by Luna

by Luna



Blog Intro

Hello, I'm Luna, and I'd like to welcome you to "Kisses from Kairo,"* my blog about living and working as an American belly dancer in Cairo.

Life in Cairo isn't easy for dancers, foreigners, women, or even Egyptians. It is, however, always exciting. That’s why after living here for seven years, I've decided to share my experiences with the world. From being contracted at the Semiramis Hotel to almost being deported, not a day has gone by without something odd or magical happening. I will therefore fill these pages with bits of my history in Cairo—my experiences, successes, mistakes, and observations. Admittedly, my time here has been rather unique, so I want to stress that while everything I write is true, my experiences do not necessarily reflect the lives of other dancers.

In addition to my life as a belly dancer, I will write about developments in costuming, performances, festivals, and, of course, the dance itself. I will also make frequent references to Egyptian culture. I should note that I have a love/hate relationship with Egypt. If I make any criticisms about the country, please keep in mind that I do so with the utmost love, respect, and most of all, honesty. Egypt has become my home, so I want to avoid romanticizing and apologizing for social maladies, as most foreigners tend to do. Nothing could be more misguided, patronizing, or insulting.

I hope you find this blog informative, insightful and entertaining, and that we can make this as interactive as possible. That means I'd love to hear from you. Send me your comments, questions, complaints, suggestions, pics, doctoral dissertations, money, etc., and I will get back to you. Promise. :)~

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Thursday, July 28, 2011

The "P" Word

No, it’s not what you think.  It’s another word that starts with the letter P—one that has been pestering me for quite some time now.  The word is “prestige,” or bresteej¸ as the Egyptians say.  :)  It means the same in Egyptian Arabic as it does in English, except Egyptians also apply this concept to belly dancing.  I’ll show you what I mean. 

A few days ago, I got a call to perform at a restaurant after my shows on the Nile Memphis.  I would dance to CD, change my costume 3 times, and collect plenty of tips.  I told the agent I would do it, and arranged for a friend in the business to accompany me.  Upon arriving at the restaurant, however, we discovered that there was no dance floor.  In fact, the entire restaurant was no bigger than my kitchen, and there was absolutely no room to dance.  At most, I could prance around the tables and bop to the music.  To make matters worse, the majority of the customers were drunken men.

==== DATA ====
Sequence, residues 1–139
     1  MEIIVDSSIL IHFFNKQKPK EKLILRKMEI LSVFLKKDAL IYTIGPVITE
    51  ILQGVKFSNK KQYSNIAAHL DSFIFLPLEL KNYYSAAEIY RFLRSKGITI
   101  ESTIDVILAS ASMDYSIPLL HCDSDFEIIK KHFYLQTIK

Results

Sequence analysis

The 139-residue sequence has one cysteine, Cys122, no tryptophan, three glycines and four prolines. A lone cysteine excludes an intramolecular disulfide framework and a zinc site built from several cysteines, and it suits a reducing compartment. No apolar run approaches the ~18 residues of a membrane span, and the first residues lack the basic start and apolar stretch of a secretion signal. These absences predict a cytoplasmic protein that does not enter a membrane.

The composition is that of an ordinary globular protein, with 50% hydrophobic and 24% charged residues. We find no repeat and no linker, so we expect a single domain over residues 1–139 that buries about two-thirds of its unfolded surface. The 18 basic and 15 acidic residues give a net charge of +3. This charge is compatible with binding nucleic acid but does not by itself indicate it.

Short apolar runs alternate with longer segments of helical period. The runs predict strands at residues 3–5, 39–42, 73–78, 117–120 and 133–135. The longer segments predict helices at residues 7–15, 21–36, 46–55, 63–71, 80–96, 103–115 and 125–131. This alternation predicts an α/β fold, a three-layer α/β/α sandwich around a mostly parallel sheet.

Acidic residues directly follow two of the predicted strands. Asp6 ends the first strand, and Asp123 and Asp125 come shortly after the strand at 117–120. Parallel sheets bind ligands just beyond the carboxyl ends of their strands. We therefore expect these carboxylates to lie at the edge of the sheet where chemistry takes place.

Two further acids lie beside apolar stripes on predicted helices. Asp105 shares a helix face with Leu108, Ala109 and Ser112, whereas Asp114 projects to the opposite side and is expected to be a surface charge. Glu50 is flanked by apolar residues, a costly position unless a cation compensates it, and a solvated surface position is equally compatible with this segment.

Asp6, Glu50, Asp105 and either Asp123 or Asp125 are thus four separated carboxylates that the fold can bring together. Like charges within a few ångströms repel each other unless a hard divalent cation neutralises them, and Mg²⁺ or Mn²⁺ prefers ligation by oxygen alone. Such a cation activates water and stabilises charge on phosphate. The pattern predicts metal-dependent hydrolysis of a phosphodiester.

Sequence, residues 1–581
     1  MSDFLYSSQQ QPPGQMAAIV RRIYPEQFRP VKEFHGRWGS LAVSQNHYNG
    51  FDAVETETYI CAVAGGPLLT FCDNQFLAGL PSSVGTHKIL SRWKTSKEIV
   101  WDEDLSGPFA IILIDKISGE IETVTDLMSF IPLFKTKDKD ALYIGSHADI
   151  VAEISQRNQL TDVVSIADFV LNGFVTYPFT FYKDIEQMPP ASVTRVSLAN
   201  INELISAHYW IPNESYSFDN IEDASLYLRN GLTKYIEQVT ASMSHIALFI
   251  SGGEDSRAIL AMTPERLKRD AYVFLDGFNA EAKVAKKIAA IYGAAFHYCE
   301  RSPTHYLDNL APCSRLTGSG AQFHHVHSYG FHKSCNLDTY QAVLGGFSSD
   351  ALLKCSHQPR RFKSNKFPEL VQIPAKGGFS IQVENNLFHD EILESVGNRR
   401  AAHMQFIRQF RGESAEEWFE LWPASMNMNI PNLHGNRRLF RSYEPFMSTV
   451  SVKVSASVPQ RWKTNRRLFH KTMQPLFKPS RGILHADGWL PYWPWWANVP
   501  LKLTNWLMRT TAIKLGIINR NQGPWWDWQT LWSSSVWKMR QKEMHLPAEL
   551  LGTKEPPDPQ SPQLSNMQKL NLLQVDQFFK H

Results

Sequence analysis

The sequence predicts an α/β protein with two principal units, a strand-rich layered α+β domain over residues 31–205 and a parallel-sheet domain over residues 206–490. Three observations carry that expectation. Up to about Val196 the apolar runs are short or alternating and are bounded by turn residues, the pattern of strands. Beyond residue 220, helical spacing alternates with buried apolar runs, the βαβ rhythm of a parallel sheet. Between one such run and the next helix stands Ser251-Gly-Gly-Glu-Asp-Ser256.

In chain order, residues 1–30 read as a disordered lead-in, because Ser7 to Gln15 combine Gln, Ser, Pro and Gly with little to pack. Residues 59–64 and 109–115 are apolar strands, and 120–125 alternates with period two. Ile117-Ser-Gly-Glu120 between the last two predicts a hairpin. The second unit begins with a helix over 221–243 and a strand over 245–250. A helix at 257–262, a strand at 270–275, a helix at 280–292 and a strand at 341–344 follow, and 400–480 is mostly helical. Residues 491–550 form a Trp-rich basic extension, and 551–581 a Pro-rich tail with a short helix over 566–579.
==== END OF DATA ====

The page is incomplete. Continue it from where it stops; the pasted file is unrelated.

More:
When he saw this, my friend went on an angry tirade about how jobs like this are not “prestigious,” and how I’m setting myself up for failure.  He went on and on until I snapped and threw a temper tantrum in the street.  Mind you, I was supposed to be “on stage” in 5 minutes. 

“That’s it!!!  I’m going home!” I barked, and jumped in the first cab that passed by us.  He had gotten me so fired up that I didn’t care if I ruined the agent’s business or my reputation for that matter.  I just wanted to go home and be away from everyone. 

Not expecting such a theatrical reaction on my part, my friend hopped in the cab alongside me.  We each argued with the taxi driver—me to take me home, and my friend to take me back to the restaurant; he didn’t want to be responsible for my ruining the night.  The driver was swayed by my friend’s orders over my tears and pleads to take me home, and we wound up parked in front of the restaurant again.  I refused to get out of the cab, let alone work, and stubbornly sat in the taxi until the singer came out to extract me from the car.

Now I was really angry—enraged.  I resented the fact that the driver didn’t listen to me because I’m a woman.  I resented the situation I was in, and I resented that I would now have to dance for drunken men.  I felt degraded. 

After all was said and done, I managed to compose myself and bop around the tables.  I did make a ridiculous amount of tips, but when I finished, I had a long conversation with my friend about “prestige” and why I can’t dance in places like this.  Well, according to Egyptian logic, anyway.

First, he apologized for talking to me so harshly before my show and making me cry.  He then went on to tell me that because I’m now legally contracted to dance in Cairo, there are certain matters of prestige I must take into consideration.  Such as, a “classy, contracted dancer” does not work in cabarets or restaurants taht il-silim, “down under the staircase,” no matter how good the money is.  Nor does she perform to CD in the Red Sea resorts 2 and 3 hours away from Cairo—she’ll be considered an amateur by Egyptians in the entertainment industry.  The contracted dancer must give the impression that she is too good for these kinds of jobs.  She must give off an air of arrogance and walk with her nose in the air.  Why?  Because in Egypt, that is the only way she’ll be respected.  Humility gets you nowhere. And because once word gets around that such-and-such dancer performs to CD or in sleazy venues, she will never be asked to dance with her band in the more “prestigious” 5-star hotels and boats, no matter how talented she thinks she is.

I was still angry at my friend, but deep down, I knew he was right.  At least in a general, Egyptian kind of way.  Indeed, it wasn’t the first time I was hearing this.  Countless Egyptians in the business, including my manager and other high profile dancers, have told me the same thing.  But still, something about this whole notion of “prestige” in belly dance wasn’t sitting well with me. 

Here’s why.  First, in English (and Egyptian Arabic), the word prestige is usually used for doctors, lawyers, politicians, and other professionals held in high esteem.  It seems ludicrous to apply this concept to belly dancing, which the overwhelming majority of Egyptians equate with prostitution!  That includes musicians, hotel, boat and cabaret managers, and even some dancers.  I mean, is there such a thing as a prestigious prostitute?!?  You might argue with me on this, :), but for the sake of making my point, I’m going to say no!

Second, I’m a firm believer in humility.  I have never and will never toot my own horn, let alone say that I’m too good for something (providing that “something” is respectable).  I can’t stand people who always talk about how good they are at this or that.  They are just massaging their bruised egos, affirming their perceived greatness to make themselves feel better about failure.  So I avoid this kind of thinking.  I am not pretentious, and I do not put on airs of arrogance.